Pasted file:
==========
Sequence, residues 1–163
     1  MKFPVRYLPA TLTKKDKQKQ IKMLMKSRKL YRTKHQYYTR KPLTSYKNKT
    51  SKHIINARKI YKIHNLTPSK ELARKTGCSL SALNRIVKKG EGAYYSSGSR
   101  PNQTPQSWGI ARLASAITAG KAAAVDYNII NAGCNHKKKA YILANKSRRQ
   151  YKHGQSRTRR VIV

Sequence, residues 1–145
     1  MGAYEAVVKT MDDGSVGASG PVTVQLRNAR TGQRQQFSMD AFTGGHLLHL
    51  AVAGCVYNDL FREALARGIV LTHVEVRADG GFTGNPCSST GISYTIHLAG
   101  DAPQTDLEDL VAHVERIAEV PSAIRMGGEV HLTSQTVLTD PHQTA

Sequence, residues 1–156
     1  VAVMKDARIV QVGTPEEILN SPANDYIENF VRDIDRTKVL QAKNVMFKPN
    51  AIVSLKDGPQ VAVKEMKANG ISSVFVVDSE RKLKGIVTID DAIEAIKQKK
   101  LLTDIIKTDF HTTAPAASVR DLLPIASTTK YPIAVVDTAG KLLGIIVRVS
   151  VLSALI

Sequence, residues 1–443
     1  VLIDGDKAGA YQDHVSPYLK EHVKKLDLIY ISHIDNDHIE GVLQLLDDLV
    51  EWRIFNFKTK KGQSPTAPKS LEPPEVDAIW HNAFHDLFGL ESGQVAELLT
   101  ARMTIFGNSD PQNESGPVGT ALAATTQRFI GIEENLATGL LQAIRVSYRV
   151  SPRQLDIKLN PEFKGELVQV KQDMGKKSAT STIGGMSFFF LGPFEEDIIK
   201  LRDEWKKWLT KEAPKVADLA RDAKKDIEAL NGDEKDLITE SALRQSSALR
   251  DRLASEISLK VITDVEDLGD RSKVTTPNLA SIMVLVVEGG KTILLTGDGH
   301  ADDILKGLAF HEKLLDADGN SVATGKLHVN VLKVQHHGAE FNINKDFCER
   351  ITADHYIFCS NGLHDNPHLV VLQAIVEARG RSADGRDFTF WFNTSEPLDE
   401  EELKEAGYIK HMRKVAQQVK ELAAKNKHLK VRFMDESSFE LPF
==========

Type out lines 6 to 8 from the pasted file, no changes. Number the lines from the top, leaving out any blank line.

Sequence, residues 1–145
     1  MGAYEAVVKT MDDGSVGASG PVTVQLRNAR TGQRQQFSMD AFTGGHLLHL
    51  AVAGCVYNDL FREALARGIV LTHVEVRADG GFTGNPCSST GISYTIHLAG